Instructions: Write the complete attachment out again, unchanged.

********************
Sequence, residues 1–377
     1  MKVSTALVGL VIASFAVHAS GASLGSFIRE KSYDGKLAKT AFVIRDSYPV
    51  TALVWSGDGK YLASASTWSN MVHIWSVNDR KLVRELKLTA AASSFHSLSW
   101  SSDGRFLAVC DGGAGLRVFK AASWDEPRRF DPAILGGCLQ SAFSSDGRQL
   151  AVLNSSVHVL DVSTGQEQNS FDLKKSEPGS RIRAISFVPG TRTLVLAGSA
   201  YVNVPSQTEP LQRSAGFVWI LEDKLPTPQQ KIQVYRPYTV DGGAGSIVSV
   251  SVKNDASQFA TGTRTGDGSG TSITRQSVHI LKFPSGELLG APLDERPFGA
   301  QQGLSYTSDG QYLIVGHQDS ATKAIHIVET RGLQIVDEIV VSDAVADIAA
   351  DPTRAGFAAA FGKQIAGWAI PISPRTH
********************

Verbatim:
Sequence, residues 1–377
     1  MKVSTALVGL VIASFAVHAS GASLGSFIRE KSYDGKLAKT AFVIRDSYPV
    51  TALVWSGDGK YLASASTWSN MVHIWSVNDR KLVRELKLTA AASSFHSLSW
   101  SSDGRFLAVC DGGAGLRVFK AASWDEPRRF DPAILGGCLQ SAFSSDGRQL
   151  AVLNSSVHVL DVSTGQEQNS FDLKKSEPGS RIRAISFVPG TRTLVLAGSA
   201  YVNVPSQTEP LQRSAGFVWI LEDKLPTPQQ KIQVYRPYTV DGGAGSIVSV
   251  SVKNDASQFA TGTRTGDGSG TSITRQSVHI LKFPSGELLG APLDERPFGA
   301  QQGLSYTSDG QYLIVGHQDS ATKAIHIVET RGLQIVDEIV VSDAVADIAA
   351  DPTRAGFAAA FGKQIAGWAI PISPRTH